Scenes-from-Shiner-Tx

 

Mile 1424:  Spirit of America Ride for Hydrocephalus – Day 29 Recap


Mary and I are accustomed to cycling in Florida. Until now, the highest hill we had ever ridden on a bike ride was a highway on-ramp. We have been riding hills for the last three days and we have a sneaky suspicion that we have not even hit west Texas hill country yet. We have also noticed that sand spurs are as plentiful in Texas as sandy beaches are back home.

 

On Wednesday, we put in a good ride from Columbus to Shiner, Texas. We mentioned in our previous post that finding lodging has been difficult and we would have been in trouble without the incredible generosity and warm hospitality of the owners of the Old Kasper Inn Bed and Breakfast. We found the bed and breakfast easily and caught up with Cindy’s husband, Tony, just where she said we would find him. He graciously offered to pack our bikes into his pick-up truck and drove us up to their ranch about three and a half miles outside of town. From Tony, we learned that Cindy’s mother had been born in that very house and that the homestead has been in the family for generations.

As we approached the ranch, it was like walking right into a western movie set. As we got out of the truck, we noticed the Texan equivalent to Florida sand – sand spurs. Suffice it to say that trying to ride those bikes down the lane would have gotten us four more flat bike tires very quickly. (Surely, I’ll be able to find Gatorskin bike tires when we reach San Antonio). We carried our bikes up to the wide front porch, bid a fond adieu to our gracious host and settled down for a quiet, relaxing evening in a real Texan ranch house. The house was incredible. It is perched atop a hill that offered a picturesque view of the cattle spotted countryside and town in the far distance.

As dusk approached, we began to prepare for what we knew would be a quiet and restful night. A little later on, just as I was crawling under the covers, Mary calls from the porch and says, “Mark, you have to come see the stars.” Now, I like to sleep in the same suit I entered into this world, if you get my drift. So I say, Mary I can’t, I am buck-naked.” Mary says, “Oh, just come out. It’s dark. There is nobody around for miles.”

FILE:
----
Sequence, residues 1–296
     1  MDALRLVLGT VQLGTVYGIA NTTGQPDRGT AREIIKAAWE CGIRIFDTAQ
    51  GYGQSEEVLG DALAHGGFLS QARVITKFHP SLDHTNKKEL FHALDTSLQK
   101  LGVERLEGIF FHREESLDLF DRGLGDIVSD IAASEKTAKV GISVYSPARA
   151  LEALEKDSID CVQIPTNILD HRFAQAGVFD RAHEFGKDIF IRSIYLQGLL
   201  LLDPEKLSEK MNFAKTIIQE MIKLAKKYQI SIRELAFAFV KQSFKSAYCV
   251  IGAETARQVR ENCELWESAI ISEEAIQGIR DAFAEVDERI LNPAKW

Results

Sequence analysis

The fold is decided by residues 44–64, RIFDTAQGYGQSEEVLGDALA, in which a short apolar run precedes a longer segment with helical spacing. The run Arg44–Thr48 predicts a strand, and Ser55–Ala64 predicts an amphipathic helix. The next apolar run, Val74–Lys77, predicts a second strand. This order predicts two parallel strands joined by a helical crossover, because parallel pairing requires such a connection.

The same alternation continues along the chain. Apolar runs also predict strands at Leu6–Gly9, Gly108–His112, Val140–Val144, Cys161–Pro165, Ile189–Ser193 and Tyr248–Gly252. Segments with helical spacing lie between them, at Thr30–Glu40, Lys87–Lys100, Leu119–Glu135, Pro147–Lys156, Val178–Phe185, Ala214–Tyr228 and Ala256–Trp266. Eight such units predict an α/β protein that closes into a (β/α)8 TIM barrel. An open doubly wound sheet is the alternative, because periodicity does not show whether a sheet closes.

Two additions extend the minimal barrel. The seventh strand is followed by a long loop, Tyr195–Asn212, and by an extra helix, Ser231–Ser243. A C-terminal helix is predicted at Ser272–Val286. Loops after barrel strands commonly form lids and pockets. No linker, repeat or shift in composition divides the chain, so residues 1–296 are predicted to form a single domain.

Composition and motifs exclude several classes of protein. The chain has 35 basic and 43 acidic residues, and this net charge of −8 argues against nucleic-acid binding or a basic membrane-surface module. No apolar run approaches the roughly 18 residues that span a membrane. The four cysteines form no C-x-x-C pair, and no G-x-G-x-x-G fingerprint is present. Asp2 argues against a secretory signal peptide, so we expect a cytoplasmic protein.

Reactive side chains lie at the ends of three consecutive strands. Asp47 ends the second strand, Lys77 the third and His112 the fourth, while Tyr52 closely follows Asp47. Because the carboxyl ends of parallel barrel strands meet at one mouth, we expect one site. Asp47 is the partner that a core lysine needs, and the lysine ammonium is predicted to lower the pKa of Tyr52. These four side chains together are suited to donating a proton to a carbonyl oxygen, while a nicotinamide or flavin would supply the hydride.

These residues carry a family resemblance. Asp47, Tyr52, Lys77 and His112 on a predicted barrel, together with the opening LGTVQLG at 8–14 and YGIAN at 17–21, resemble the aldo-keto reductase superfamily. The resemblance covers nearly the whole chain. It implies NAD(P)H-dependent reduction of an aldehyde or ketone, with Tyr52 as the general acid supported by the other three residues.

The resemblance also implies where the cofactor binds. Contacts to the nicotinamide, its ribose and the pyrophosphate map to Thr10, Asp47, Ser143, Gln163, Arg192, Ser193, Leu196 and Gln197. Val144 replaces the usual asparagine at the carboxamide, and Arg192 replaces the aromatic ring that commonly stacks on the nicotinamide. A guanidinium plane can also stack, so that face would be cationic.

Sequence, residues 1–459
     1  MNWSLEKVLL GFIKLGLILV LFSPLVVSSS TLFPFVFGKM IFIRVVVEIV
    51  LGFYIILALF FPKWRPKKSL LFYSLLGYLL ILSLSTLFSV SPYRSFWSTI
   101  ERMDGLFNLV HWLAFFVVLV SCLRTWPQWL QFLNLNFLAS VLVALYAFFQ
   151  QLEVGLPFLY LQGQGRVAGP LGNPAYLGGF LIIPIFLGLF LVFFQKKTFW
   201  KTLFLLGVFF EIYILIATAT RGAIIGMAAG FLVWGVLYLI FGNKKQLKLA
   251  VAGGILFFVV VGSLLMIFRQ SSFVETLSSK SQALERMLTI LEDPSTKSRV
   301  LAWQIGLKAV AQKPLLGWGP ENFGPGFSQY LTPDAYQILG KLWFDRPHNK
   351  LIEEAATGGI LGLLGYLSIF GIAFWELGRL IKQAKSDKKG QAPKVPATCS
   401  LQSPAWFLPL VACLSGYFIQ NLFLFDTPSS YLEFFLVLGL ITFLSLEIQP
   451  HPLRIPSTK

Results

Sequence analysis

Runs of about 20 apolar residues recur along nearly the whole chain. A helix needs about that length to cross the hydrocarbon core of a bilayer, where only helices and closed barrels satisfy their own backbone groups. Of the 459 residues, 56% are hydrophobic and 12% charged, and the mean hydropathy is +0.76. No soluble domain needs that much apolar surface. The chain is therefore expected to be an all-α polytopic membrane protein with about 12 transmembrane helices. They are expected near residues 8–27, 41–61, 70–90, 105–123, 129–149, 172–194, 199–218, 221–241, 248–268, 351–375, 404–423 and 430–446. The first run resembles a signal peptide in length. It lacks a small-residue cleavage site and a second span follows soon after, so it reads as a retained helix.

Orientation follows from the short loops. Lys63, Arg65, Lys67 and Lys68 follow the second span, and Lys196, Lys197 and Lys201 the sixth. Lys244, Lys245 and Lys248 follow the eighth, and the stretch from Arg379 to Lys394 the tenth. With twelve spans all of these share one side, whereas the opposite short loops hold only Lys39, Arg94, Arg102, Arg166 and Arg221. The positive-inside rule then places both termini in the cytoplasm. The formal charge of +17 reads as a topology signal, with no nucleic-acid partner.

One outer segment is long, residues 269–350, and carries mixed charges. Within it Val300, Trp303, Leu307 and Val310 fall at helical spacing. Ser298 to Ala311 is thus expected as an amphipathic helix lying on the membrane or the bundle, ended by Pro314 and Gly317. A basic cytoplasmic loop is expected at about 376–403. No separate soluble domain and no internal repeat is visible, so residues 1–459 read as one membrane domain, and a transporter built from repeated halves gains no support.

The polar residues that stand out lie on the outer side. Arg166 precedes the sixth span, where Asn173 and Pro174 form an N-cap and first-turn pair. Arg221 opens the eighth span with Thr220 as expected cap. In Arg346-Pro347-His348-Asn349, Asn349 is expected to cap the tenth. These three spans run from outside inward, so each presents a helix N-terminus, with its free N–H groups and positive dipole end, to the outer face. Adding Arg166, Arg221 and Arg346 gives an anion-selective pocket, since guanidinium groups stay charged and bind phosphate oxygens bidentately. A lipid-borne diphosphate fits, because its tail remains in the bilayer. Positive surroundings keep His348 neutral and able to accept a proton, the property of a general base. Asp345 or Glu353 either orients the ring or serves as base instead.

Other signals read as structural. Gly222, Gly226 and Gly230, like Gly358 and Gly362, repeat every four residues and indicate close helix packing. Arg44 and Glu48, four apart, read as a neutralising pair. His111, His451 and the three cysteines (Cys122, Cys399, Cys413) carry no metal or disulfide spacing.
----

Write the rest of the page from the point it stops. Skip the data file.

That sounded reasonable so, being a true Floridian, I slipped into my flip-flops and scuffled out to join her. She was right; the night sky was breath-taking. We gazed at the spectacular view above us for a while and decided it was time to go in to get some sleep. I turn the knob on the door… but nothing happened. We were locked out! Being a man of decisive thinking, I quickly sized up my options. None of them were appealing. I could stroll down the hill to the closest neighbor, about a mile away, to ask to use their phone. But I was pretty sure, Texas hospitality or no, knocking on a stranger’s door buck-naked was not going to be well received. Of course, since Mary had the good sense to at least have on some frilly night wear, the second option was that I could swap with her, leave her buck-naked sitting on the porch and stroll down to the closest house. I was sure some stranger knocking on a door in women’s pajamas wasn’t going to get a much better reception than my first idea.

The story has a good ending though. I finally found a window that allowed me just enough room to wiggle in, saving those good neighbors down the way from a ghastly shock. Once we were safely back inside, the absurdity of the situation hit us, leaving us both doubled over in laughter.

Wednesday morning brought the reality of needing to get our non-gator-skinned tires past the sand spur strewn lane to the road a quarter of a mile away. We unpacked the bikes and carried them down the lane. We then trudged back up to retrieve our panniers and gear. So today’s ride started out with about a mile and a half hiking up and down the hill before we could peddle off to put in another 50 plus mile hilly ride.

I can honestly say, without Celsius giving us endurance, we would not have made it. By the time we cruised into Sequin, Texas we were bone tired. That said, the last 24 hours are exactly why we struck out on this amazing adventure in the first place. We have met so many wonderful and generous people. We just spent the night in real western homestead, soaked up a panoramic hilltop view, gazed at an amazing star-drenched sky and we have a good story for a chuckle or two down the road. If anyone asks me if this bike ride was worth all the challenges, the answer will always be “Oh yes!”

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